The Astounding History Connected With Porsche

By Iva Dismore

The stories of how car manufacturers began are always interesting and Porsche is no different. Its founder was Ferdinand Porsche, who was a significant man for the Wehrmacht, the unified armed forces in Germany. He played out an important role with building racing cars, tanks and airplanes. He had more than a thousand patents being an automobile engineer, and became chief engineer for Mercedes-Benz in the 1920s. Porsche later set up his own engineering workshop and designed the Volkswagen. He had been chief of operations for the Volkswagen factory in Wolfsburg and was interned there by the Allies toward the ending of World War II.

After he was released, Ferdinand and his son, Ferry, began developing the Porsche 356. The sports car was built with a rear-mounted, four-cylinder boxer engine that was much like the Volkswagen. Because it only reached a maximum of 87 mph, it was not precisely a powerful sports car. It had a forward thinking body, which was very elegant, and it was initially a convertible, and later a hard top. The Porsche 356 was assembled at a workshop that was possessed by a master of streamlined auto production named Erwin Komenda. Komenda worked along side with Porsche at Volkswagen and was a crucial person for design techniques and sheet metal.

Komenda designed the trendy closed coupe known as the fastback, which had become the symbol of the european sports car. Together with Porsche's grandson, Komenda pressed forward using fastback design by creating the Porsche 911. Having its attractive, sloping bonnet, the 911 turned out to be easily recognizable, especially with the frog eye headlights, the straight waistline, and curves running from the top edge of the windscreen to the rear bumper. Even though the style was comparable to the first Porsche, technically, it was more like the BMW 1500. While the model was a bit debatable, the 911 had become the symbol of what Porsche was all about.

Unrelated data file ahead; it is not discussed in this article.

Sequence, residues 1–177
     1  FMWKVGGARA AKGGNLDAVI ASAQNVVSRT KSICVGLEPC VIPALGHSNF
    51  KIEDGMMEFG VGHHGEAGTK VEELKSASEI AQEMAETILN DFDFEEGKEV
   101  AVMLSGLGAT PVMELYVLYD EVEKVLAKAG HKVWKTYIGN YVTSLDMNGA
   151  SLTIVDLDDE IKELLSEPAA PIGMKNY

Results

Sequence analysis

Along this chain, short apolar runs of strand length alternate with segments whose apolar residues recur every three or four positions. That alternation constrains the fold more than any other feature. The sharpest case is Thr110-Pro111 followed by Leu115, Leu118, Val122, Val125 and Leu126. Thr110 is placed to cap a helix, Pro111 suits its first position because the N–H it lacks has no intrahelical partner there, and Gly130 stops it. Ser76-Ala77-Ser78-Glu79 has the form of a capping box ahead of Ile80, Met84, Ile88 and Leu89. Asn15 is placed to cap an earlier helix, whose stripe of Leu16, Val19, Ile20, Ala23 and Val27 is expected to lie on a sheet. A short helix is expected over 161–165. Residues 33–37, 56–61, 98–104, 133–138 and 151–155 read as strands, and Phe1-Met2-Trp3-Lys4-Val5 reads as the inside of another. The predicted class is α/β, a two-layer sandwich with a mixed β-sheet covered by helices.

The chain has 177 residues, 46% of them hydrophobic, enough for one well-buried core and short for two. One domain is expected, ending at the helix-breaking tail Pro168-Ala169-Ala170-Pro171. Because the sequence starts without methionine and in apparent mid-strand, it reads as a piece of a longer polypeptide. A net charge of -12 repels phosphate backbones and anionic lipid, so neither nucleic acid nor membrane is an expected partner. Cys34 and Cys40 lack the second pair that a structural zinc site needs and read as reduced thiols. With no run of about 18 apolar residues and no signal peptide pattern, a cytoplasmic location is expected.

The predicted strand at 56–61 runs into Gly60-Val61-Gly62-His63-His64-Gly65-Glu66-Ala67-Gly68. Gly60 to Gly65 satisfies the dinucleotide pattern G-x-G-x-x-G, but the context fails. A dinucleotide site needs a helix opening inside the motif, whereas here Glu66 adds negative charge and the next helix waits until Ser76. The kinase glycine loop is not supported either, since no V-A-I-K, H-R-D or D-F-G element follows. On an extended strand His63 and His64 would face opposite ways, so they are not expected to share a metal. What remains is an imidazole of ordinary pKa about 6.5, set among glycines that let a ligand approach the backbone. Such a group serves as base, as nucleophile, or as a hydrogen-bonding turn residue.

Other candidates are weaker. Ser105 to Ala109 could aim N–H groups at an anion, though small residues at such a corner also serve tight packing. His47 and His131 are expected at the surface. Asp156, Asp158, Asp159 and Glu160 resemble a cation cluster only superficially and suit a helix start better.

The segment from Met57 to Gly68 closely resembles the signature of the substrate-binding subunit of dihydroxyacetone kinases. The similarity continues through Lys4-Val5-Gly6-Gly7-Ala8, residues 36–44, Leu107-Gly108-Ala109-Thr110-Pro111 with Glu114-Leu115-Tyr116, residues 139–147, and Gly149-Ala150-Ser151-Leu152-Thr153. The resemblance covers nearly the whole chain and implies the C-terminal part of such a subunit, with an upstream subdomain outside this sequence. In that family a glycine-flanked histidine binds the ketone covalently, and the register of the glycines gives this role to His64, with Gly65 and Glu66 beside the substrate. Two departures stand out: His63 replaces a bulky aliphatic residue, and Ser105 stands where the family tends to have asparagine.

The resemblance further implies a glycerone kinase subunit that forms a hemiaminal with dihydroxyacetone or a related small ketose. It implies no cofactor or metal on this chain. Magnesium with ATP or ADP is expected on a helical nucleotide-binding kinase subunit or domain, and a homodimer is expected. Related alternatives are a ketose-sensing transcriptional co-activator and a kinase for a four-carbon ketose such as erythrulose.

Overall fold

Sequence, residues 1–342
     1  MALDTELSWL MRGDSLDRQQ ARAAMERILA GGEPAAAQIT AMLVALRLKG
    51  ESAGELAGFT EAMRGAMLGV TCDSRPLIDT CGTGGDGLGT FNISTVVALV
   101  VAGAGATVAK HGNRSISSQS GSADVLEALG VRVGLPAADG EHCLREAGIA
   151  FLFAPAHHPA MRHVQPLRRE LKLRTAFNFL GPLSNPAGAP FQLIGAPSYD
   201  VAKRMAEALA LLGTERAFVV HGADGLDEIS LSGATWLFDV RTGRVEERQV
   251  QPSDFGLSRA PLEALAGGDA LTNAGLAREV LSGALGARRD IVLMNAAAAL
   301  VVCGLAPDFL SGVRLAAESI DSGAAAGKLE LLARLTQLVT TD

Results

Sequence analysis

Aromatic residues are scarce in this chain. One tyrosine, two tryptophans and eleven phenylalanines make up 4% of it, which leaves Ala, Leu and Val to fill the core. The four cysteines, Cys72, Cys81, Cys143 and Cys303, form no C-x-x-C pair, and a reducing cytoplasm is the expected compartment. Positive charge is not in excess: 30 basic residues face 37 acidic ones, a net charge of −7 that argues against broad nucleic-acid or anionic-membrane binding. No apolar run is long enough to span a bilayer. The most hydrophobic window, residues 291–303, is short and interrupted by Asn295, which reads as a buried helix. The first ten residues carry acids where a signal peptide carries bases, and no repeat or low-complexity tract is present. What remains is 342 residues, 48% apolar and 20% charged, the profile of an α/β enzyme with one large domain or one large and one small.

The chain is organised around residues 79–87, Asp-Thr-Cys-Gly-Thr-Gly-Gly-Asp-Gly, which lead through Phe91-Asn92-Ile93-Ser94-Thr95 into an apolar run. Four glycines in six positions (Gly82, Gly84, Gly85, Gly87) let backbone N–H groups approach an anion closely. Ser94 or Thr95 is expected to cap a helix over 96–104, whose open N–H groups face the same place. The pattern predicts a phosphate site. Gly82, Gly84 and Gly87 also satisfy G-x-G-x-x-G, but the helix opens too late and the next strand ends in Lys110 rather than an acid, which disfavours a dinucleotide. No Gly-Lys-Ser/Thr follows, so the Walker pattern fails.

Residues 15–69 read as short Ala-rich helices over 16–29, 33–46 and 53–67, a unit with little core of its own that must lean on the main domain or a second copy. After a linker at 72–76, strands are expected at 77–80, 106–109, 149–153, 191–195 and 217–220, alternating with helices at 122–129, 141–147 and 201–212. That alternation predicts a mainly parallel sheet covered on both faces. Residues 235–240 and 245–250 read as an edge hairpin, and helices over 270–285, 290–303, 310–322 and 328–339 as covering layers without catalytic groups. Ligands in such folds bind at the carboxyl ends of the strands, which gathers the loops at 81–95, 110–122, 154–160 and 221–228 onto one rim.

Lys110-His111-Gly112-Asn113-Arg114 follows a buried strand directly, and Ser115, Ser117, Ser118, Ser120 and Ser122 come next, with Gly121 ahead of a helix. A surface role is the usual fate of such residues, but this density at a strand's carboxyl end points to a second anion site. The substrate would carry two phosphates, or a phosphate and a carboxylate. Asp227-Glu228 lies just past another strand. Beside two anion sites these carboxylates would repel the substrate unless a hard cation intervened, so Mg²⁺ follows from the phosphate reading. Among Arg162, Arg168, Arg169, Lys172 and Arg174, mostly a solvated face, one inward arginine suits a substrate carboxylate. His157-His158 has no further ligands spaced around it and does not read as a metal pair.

Porsche the company nearly fell apart over the 70's and 80's when designers during the time tried to move too far beyond Porsche's classic designs. In no way living up to expectations were the 928, or the 924 produced with Volkswagen. However in the 1990's, they went back to their roots and became profitable again as they realized that the original designs were timeless. The long standing 911 sustained to push forward as almost forty people in the company worked on improving its technology. A good example is the extraordinary race car/sport car hybrid, 911 GTI which was put together by in-house designer, Anthony R Hatter.

The fresh Boxter create a new product line for Porsche in 1999. As typical of countless car companies, Porsche was able to weather a few heavy storms to the point of near collapse, only to return tougher than ever. They were capable to succeed at a transitional moment in the auto industry where major car companies were losing money and going bankrupt.

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